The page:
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Children in a Jewish summer camp in Liegnitz.

Photograph | Digitized | Photograph Number: 57922

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    Children in a Jewish summer camp in Liegnitz.
    Children in a Jewish summer camp in Liegnitz.

Among those pictured is Wanda Szymeczko.


    Children in a Jewish summer camp in Liegnitz.

    Among those pictured is Wanda Szymeczko.
    Liegnitz, [Lower Silesia] Germany
    Variant Locale
    Photo Credit
    United States Holocaust Memorial Museum, courtesy of Deborah Stocker

    Rights & Restrictions

    Photo Source
    United States Holocaust Memorial Museum
    Copyright: United States Holocaust Memorial Museum
    Provenance: Deborah Stocker

    Keywords & Subjects

    Administrative Notes

    Deborah Stocker (born Wanda Katarzyna Szymeczko) is the daughter of Josef Rygier and Leah Bottner Rygier. Her parents were originally from eastern Poland but moved to Warsaw before the war. Josef worked as a businessman and Leah as a midwife. After the war they were imprisoned briefly in the Warsaw ghetto before obtaining false papers, under the names Michal and Franciszka Szymeczko, which allowed them to escape to the Aryan side. Sometime in late 1942, Josef was rounded up as a Pole and sent to a labor camp in Germany. Left alone and in her last trimester of a pregnancy, Leah went to the Dom Kziedza Buduena Convent and Orphanage. She told them she had recently come from the countryside and asked whether she could deliver her baby there. Wanda was born in the orphanage on February 11, 1943. Leah and Wanda were allowed to stay together for approximately six to eight months. Afterwards, Wanda was sent to another orphanage on the outskirts of Warsaw, and Leah hid in the Polish countryside supporting herself by working both as a farmhand and as a midwife. After the war, Josef returned from Germany and found Leah at a prearranged meeting place in Warsaw. Towards the end of 1945, Wanda’s parents picked her up from the orphanage and the family moved to Liegnitz. There, the family continued to live under their assumed names, and Josef supported the family by running a small general store. Leah gave birth to a second daughter, Ela, in 1947, and three years later the family immigrated to Canada where Leah’s brother was living. Both Leah and Josef’s parents had been living in the Soviet zone at the start of the war. All four were deported to Siberia, and only Leah’s parents survived. Leah’s brother, Ephraim Bottner, survived the war as a member of the Polish underground.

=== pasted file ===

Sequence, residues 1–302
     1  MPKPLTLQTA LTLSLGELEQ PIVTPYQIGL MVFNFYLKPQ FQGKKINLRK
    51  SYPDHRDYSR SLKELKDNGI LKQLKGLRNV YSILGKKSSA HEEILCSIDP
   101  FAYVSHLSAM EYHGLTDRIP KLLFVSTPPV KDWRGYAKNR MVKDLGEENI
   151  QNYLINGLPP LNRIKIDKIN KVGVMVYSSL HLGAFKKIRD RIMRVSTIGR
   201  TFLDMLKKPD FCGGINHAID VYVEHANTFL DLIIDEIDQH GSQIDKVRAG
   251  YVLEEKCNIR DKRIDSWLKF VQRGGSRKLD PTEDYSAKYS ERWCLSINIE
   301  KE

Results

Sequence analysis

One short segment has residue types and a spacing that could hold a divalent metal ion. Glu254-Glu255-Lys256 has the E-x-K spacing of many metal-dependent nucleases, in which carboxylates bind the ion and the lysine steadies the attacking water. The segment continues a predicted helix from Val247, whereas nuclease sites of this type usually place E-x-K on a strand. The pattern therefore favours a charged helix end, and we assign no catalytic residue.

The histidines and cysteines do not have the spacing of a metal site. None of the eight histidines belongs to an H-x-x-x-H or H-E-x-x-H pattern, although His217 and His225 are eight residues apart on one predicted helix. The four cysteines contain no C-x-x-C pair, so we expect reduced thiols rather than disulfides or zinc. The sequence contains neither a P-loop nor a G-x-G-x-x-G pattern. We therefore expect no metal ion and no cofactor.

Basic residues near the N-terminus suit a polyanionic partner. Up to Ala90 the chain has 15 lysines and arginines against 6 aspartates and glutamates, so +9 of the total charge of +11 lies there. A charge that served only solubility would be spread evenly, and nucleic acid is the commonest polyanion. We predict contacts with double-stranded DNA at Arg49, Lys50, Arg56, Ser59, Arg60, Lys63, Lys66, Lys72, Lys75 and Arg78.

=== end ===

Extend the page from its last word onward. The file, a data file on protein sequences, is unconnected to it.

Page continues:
Record last modified:
    2003-10-24 00:00:00
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